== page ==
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4 Tips for Writing a Successful Automation Project RFQ

August 15, 2018 / by Bob Morris

Why is it when you send out a request for quotation (RFQ) to potential vendors for an automation project, you end with a stack of widely different prices and proposals that are about as comparable as apples and oranges? You’re probably not going to accept the highest bid with its extraneous add-ons, but if you choose the lowest bid, there’s a strong likelihood you’ll end up with multiple change orders after the project begins. What’s the secret to setting up your automation project for success right from the start?

Tip #1: Consult Vendors Beforehand

One of the reasons you may get a wide range of quotes is because everyone interprets the RFQ information differently. Some vendors bid to the letter of the RFQ, and then they deliver a solution that comes up short. Other vendors bid for the intent of the RFQ, and they may produce a solution with too many features.

So before you spend anywhere from a couple of days to more than a month developing the full RFQ, create a basic construct of the RFQ and run it past a competent vendor you’ve had success with in the past. Talk to them about the challenge you’re trying to solve, and ask them for best practices for writing the RFQ in the language that the suppliers will easily understand. The RFQ should not be wide open for interpretation, but instead should specify requirements in a way that gives you the right solution for the problem. It may help to even interview several vendors with different areas of expertise to get multiple opinions and create a well-rounded RFQ.

Tip #2: Provide Design Documents Upfront

Another pro tip that will make your job go more smoothly is to gather every related design document to the project and have them ready to give the vendors. Documents like electrical drawings, mechanical system drawings or P&IDs, and existing PLC/HMI/SCADA programs are extremely helpful in evaluating the required effort for a project. This may require dusting off some cobwebs and spending time to talk to everyone at the facility, but it is well worth the effort because the more information you can provide, the better the pricing.

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Recently I visited an airport where the potential customer needed an upgrade to their baggage sorter. However, the drawings and PLC code weren’t on hand, and without them, the customer would be charged with the time it took to manually figure out all the existing connections. We scoured the facility and talked to four or five different people until we finally found the one individual who knew where the reference material was. This simple scavenger hunt that took about one hour probably saved the customer $10,000 in discovery costs. Having all the necessary documentation for the vendors before the project starts can save a tremendous amount of time and dollars.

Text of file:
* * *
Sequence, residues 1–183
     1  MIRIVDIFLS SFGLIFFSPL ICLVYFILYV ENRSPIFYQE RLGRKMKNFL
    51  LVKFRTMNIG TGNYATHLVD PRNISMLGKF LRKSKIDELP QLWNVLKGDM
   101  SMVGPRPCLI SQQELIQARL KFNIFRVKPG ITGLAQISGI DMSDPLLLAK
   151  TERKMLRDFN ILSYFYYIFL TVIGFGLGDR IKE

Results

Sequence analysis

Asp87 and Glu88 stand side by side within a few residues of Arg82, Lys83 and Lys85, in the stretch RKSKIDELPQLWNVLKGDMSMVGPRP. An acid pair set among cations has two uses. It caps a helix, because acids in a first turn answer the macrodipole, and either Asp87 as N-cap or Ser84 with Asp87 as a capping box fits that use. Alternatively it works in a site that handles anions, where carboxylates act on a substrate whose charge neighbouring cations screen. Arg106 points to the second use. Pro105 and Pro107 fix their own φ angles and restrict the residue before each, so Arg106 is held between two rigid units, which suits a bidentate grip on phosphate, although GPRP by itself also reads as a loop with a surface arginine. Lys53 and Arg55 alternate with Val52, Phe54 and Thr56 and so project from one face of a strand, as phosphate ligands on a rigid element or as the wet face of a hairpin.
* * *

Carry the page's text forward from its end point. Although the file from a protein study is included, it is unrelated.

Tip #3: Be Open to New Technology

When starting an upgrade project, consider asking the vendor what technology they recommend using. Experienced system integrators make state-of-the-art manufacturing and controls systems for a living, so they know which platforms are best for your application and will stand the test of time.

Of course, if your plant has already standardized with a certain technology, that’s one factor to consider. Just remember that legacy technologies generally require more experienced, senior staff to design and program them – which may raise the cost of your project.

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Tip #4: Consider Future Features and Connected Systems

When you’re trying to develop the best solution for your project, take time to consider any tangential systems or ancillary tools that should be included, either now or in the future. For example, an enterprise resource planning (ERP) system can manage many different business processes, such as production, procurement, and sales. While the project scope may only call for adding one or two components at first, it helps to let the vendor know what hooks need to be put in place for future expansion.

For example, consider a project to upgrade a machine that is running too slowly. Don’t just make the RFQ and budget for only upgrading the equipment. Perhaps while the vendor is improving the system anyway, you should consider integrating the machine with the ERP or work order system. Take the big picture view of the plant and evaluate how all the systems and components can interrelate and increase overall plant productivity.

 

Learn More

By applying these four best practices, you’re on your way to developing a robust RFQ that will produce the right solution for the project.

If you’re considering a modernization project, download our Five Risk Mitigation Techniques for Control System Upgrades white paper to learn more about taking a manageable approach to control system upgrades.

And for those interested in an MES project, read The Digital Factory: Practical Guide to a Successful Digital Transformation on implementing efficiency improvements and actionable insights in your manufacturing facility.

 

Topics: Control Systems

Bob Morris

Written by Bob Morris

   

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